Illawarra cyclists back roadside assistance plan

Werner Steyer believes NRMA assistance for cyclists in need of help would find favour with family groups of riders. Picture: SYLVIA LIBER

Werner Steyer believes NRMA assistance for cyclists in need of help would find favour with family groups of riders. Picture: SYLVIA LIBER

An Illawarra cycling group has backed a proposal that the NRMA offer roadside assistance for cyclists.

Earlier this week it was reported the NRMA was considering offering roadside assistance to cyclists, in line with the service already offered to motorists.

The organisation says it is a long way from offering such a service but it is monitoring similar set-ups working successfully in other states.

One of them is Victoria's RACV Bike Assist, which offers membership options starting at $42 all the way up to $50.15 for "Gold Family".

The membership includes up to eight callouts a year and if they cannot fix the problem, a taxi ride to the value of $50 to get you and your bike home.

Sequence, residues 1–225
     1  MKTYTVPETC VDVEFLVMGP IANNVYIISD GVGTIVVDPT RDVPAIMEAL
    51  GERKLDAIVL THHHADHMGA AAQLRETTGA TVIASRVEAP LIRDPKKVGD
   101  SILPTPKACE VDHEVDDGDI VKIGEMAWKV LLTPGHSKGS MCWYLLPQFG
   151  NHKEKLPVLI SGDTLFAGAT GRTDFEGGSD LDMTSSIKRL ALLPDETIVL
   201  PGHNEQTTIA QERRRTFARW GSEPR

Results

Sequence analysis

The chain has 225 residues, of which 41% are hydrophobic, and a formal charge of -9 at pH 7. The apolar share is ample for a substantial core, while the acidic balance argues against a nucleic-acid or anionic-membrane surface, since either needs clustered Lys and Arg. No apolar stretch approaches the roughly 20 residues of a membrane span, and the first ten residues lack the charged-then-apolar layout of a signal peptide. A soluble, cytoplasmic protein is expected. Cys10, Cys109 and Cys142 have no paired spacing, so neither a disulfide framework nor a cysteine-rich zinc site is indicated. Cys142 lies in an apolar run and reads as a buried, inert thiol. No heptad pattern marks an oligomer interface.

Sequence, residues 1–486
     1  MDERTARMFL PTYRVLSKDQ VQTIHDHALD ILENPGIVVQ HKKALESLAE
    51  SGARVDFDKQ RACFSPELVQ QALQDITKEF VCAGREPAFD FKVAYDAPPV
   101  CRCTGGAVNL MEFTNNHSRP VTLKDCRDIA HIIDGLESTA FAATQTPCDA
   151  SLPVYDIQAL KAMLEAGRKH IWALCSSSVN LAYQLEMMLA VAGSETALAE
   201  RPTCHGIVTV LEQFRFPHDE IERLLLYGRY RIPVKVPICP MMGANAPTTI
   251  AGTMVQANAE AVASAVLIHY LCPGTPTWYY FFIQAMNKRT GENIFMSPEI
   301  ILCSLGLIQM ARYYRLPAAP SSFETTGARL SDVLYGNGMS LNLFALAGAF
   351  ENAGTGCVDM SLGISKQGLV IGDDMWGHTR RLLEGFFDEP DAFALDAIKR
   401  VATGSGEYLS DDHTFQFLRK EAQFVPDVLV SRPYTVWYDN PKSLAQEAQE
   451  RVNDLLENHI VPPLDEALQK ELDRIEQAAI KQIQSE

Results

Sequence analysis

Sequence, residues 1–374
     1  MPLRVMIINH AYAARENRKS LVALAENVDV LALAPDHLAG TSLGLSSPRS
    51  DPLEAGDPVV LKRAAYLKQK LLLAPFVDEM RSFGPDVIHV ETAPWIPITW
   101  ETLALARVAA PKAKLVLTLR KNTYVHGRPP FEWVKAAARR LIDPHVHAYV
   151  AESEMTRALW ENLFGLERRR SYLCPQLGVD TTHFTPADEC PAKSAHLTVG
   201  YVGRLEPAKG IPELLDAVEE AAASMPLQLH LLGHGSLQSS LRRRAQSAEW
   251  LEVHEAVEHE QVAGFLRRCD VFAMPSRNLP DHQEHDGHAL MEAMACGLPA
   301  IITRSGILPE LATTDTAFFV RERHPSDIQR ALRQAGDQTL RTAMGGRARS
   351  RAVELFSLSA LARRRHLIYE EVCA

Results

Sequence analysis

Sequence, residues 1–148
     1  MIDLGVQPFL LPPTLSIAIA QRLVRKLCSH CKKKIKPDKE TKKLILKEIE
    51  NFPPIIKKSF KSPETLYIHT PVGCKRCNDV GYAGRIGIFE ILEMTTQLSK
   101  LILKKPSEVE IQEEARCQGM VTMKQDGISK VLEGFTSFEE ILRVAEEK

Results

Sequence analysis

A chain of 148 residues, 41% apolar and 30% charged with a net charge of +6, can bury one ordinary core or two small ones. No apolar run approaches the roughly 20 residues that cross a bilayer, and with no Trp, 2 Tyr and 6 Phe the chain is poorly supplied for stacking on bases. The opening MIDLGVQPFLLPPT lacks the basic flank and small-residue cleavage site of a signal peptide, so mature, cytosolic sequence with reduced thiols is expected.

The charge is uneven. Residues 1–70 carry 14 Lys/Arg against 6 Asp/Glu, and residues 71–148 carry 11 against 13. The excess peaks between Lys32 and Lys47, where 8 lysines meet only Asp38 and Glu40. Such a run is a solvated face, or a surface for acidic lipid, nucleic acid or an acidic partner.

President of the Illawarra Bicycle Users Group Werner Steyer said the idea of roadside assistance for cyclists had merit.

"As far as the family-oriented riders, especially parents with kids, it would be a good idea and I expect there would be a reasonable uptake from that part of the community," Mr Steyer said.

However, he said the more serious riders would be more likely to fix the bike themselves or call a friend for a ride home.

"The average rider probably has about three or four flat tyres a year," Mr Steyer said.

"Other than that it's relatively rarely that those people have a breakdown on a bike that they need help for.

"Even something like a broken spoke - most serious cyclists will still be able to find their way home."

Offering callouts to cyclists is one of a number of options under consideration following a decline in the need for vehicle roadside assistance as cars become more reliable.

Roadside callouts from members fell by 7.3 per cent last year.

"We want to move beyond roadside and motoring into the broader lifestyle area," NRMA chief executive Tony Stuart said this week.

He said the NRMA business model needed eight or nine members out of 10 to remain each year.

The NRMA is considering diversifying into other areas such as giving members eight tradesmen callouts.

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